Download
organic gardening challenges and opportunities n.
Skip this Video
Loading SlideShow in 5 Seconds..
Organic Gardening: Challenges and Opportunities PowerPoint Presentation
Download Presentation
Organic Gardening: Challenges and Opportunities

Organic Gardening: Challenges and Opportunities

773 Vues Download Presentation
Télécharger la présentation

Organic Gardening: Challenges and Opportunities

- - - - - - - - - - - - - - - - - - - - - - - - - - - E N D - - - - - - - - - - - - - - - - - - - - - - - - - - -
Presentation Transcript

  1. Organic Gardening: Challenges and Opportunities Carl E. Motsenbocker School of Plant, Environmental and Soil Sciences LSU AgCenter cmotsenbocker@agcenter.lsu.edu

  2. Sustainable agriculture refers to farm practices that: • provide a more profitable farm, • promote environmental stewardship by protecting and improving soil quality, • reduce dependence on non-renewable resources, • minimize adverse impacts on safety, wildlife, water quality and other environmental resources, • while promoting stable, prosperous farm families and communities (Sustainable Agriculture Research and Education Program, 2007). 

  3. US Organic Standard • In October of 2002, the US Congress mandated National Organic Standards. • All products labeled as “organic” meet stringent standards established by the US Department of Agriculture (USDA). • US consumers have the force of law behind all organic labeling claims, providing peace of mind that when something says it is “organic”, it will meet the strict standards set by the USDA.

  4. US Organic Standards • Land on which organic food or fibers are grown must not have had prohibited substances applied • (such chemical pesticides and fertilizers) for three years prior to certification. • Farmers and processors must keep detailed records of methods and materials used in growing or processing organic products.

  5. US Organic Standards • A third party certifier approved by the USDA must inspect methods and materials annually. • All handlers and farmers are required to maintain an Organic Handling Plan detailing their management practices. • Under the USDA regulations, In order for a product to be labeled as “organic” it must contain a minimum of 95% organic ingredients.

  6. Categories of organic products The USDA three categories of organic products: 100% Organic Made with 100% organic ingredients Organic Made with at least 95% organic ingredients, with strict restrictions on the remaining 5% including no GMOs Made With Organic Ingredients Made with a minimum of 70% organic ingredients with strict restrictions on the remaining 30% including no GMOs Products with less than 70 percent organic ingredients may list specific organically produced ingredients on the side panel of the package, but may not make any organic claims on the front of the package.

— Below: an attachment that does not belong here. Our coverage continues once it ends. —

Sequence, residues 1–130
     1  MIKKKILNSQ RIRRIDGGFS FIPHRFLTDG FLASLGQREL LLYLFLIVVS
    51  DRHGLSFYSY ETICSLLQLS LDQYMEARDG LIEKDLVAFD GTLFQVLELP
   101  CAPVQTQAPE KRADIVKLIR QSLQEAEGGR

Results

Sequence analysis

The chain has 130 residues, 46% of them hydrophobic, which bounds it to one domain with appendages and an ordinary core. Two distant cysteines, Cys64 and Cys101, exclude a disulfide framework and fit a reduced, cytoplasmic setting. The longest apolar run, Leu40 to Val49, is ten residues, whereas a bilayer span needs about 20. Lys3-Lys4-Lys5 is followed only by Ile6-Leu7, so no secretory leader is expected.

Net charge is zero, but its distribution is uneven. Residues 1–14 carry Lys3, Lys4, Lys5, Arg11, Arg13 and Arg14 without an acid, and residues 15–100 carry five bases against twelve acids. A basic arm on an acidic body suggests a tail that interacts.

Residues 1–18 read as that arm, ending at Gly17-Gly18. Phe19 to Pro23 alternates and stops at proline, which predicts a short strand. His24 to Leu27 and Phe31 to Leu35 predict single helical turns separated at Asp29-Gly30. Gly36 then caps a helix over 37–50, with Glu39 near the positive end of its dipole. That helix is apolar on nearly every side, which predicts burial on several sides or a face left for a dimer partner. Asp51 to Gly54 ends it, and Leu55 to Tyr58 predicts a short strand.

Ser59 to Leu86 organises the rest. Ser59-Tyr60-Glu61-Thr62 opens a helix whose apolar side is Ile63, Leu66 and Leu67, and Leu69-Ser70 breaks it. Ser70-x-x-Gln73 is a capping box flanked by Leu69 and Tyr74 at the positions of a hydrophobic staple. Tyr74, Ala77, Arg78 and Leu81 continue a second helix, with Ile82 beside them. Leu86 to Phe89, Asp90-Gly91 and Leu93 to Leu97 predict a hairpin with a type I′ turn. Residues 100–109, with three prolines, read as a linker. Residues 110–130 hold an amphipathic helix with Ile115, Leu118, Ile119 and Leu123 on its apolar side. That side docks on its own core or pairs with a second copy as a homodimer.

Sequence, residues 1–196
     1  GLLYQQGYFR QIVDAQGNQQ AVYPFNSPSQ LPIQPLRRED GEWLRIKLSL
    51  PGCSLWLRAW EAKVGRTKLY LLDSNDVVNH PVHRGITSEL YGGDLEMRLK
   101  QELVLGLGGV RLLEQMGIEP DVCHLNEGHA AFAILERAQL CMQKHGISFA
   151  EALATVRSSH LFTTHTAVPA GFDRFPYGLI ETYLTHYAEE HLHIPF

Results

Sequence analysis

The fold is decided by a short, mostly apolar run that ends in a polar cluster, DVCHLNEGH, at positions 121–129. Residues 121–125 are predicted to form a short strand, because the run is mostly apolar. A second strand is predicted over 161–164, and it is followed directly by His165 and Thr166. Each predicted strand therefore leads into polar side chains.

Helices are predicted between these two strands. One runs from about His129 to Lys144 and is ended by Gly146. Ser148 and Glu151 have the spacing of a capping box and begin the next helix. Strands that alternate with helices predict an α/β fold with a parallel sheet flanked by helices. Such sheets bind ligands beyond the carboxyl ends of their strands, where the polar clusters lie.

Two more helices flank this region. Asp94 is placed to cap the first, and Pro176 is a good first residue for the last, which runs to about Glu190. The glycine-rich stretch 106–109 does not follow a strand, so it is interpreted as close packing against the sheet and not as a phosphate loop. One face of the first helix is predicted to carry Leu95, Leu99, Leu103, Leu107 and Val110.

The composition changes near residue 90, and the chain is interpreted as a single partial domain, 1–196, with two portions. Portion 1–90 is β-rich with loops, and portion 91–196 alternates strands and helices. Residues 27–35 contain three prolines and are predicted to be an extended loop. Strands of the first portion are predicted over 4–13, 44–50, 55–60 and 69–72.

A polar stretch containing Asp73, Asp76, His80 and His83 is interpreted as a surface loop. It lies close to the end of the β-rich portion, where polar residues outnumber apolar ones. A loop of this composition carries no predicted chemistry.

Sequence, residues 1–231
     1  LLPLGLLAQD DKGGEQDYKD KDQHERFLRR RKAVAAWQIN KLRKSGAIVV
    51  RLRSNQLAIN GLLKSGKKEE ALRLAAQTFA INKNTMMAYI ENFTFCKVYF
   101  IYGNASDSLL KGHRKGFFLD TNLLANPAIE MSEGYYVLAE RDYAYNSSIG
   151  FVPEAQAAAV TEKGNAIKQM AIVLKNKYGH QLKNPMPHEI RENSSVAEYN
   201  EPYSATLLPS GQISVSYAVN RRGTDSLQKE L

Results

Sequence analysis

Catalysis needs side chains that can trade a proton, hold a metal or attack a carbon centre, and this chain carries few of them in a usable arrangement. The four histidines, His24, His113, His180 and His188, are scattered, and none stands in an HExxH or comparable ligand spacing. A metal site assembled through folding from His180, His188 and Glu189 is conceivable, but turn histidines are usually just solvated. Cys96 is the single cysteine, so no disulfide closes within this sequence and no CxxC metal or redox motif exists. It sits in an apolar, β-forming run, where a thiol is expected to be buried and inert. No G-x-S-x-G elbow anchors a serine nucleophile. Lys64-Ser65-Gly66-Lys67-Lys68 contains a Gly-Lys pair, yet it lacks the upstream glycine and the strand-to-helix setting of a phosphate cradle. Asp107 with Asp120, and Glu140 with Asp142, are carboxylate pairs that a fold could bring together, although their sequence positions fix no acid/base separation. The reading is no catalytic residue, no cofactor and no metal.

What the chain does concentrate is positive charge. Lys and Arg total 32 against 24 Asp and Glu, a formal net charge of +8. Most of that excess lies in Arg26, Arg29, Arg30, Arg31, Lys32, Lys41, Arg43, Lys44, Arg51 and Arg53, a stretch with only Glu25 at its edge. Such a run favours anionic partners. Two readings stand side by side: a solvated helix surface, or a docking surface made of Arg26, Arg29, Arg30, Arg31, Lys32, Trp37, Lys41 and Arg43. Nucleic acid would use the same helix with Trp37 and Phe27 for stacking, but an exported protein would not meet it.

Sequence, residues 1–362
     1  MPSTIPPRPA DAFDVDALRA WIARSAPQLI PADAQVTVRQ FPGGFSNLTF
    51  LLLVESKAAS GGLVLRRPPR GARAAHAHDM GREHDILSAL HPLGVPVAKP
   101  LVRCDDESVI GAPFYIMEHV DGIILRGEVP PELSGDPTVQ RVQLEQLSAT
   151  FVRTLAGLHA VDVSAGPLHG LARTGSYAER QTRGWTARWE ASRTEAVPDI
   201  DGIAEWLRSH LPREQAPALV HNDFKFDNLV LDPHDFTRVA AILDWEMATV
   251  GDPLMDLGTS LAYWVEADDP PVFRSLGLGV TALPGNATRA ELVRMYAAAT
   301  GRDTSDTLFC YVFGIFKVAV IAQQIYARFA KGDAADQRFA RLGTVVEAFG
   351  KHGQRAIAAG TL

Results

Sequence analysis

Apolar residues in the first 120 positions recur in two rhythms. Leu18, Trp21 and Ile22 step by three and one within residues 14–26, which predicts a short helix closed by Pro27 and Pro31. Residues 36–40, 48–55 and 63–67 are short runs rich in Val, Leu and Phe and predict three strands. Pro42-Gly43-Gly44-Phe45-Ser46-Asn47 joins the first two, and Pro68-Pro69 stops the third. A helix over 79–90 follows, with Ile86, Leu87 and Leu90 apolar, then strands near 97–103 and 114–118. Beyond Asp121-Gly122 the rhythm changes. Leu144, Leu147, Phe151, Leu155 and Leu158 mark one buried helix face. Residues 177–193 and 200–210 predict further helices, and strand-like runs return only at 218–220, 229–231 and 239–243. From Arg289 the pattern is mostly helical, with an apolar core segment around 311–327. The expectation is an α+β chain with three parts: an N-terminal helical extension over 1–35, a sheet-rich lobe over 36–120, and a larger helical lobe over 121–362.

7. US Government Organic Standards • The National Organic Program (NOP) www.ams.usda.gov/nop/ • List of allowed and disallowed practices and materials • 3 Major disallowed practices: • GMOs • Radiation • Slewage sludge • Periodic review of materials and review

  8. Growth in organic product sales (US) Year Sale ($ ) 1980 178 million 1989 631 million 1990 1.0 billion 1992 1.2 billion 1994 2.3 billion 1996 3.5 billion 1998 5.5 billion 2001 9.3 billion 2005 20.0 billion (compounded growth rates for the past ten years > 20 % per year)

  9. Why organic gardening is increasing • Public acceptance • Consumer demand • Environmental and health concerns • Sustainable agriculture movement etc. • Local/fresh produce

  10. Organic • “Organic” represents the approach of working with nature to improve soil health and using the most environmentally sensitive products available. • Identifying and understanding nature’s systems and work within those systems.

  11. Nitrogen Cycle Animals N fixation Losses Residues, manures and wastes Fertilizer and rain Gaseous loss Air N2 N2 N20 NO NH3 Soil Microorganisms NO3 Soilorganicmatter Clay minerals Mineralization NO2 NH2 Nitrification NH4

  12. Healthy soils lead to healthy plants; healthy plants produce healthy animals and humans” JI and Robert Rodale “started” the organic movement in the US > 60 years years ago. The idea of adding organic matter and minerals through natural products to improve the health and nutrition of food crops.

  13. Soil Management • Basis of farm and garden productivity and therefore the cornerstone of any ecologically sound approach to farming/gardening. Soils!!!

  14. Understanding the soil system • Soil fertility - soil capacity to nurture healthy plants. Organic / sustainable agriculture aims to protect the soil’s ability to regenerate nutrients lost when crops are harvested. • Regeneration depends on diversity, health, and vitality of the organisms that live, grow, reproduce and die in the soil. • Activities of soil microbes makes available the basic raw materials needed by plants at the right time and in the right form and amount.

  15. Life in the soil • The soil community, and its living organisms, assists in the cycles that permits nutrients to “flow” from the soil to the plant. • Soil microorganisms are the essential link between mineral reserves and plant growth. • The organisms involved: bacteria, fungi, actinomycetes, algae, protozoans, nematodes, mites, earthworms. • The goal of ecological/organic soil management is to assist these microorganisms.

  16. The basic aim of ecological soil management is to provide hospitable conditions for the life within the soil. • Your garden/farm is both the product and producer of soil … and is a “living organism” that achieves its greatest long-term productivity when its natural cycles and processes are enhanced.

  17. Land • Soil type • the best is a sandy loam • soil proportion (clay : silt : sand) • Texture will influence nutrient status, workability, aeration and drainage. • Clay soils - hold water & nutrients, often difficult to work and are poorly drained. • Sandy soils - easy to work & well drained, poor nutrient and water holding capability

  18. Soil depth • Depth to bedrock • Depth to water table • Depth of topsoil (usually 4 to 12” deep)

  19. Soil Fertility • Overall goal: build and maintain proper levels of and balances of soil nutrients • Goal 1: adding fertilizers to the soil to build nutrients up to their proper levels and balances for your type of soil, climate, rainfall, sun exposure, altitude, and cation exchange capacity. • Goal 2: keep those nutrients in the garden area by composting properly and recycling wastes. • Goal 3: use enough nutrients, water, and compost.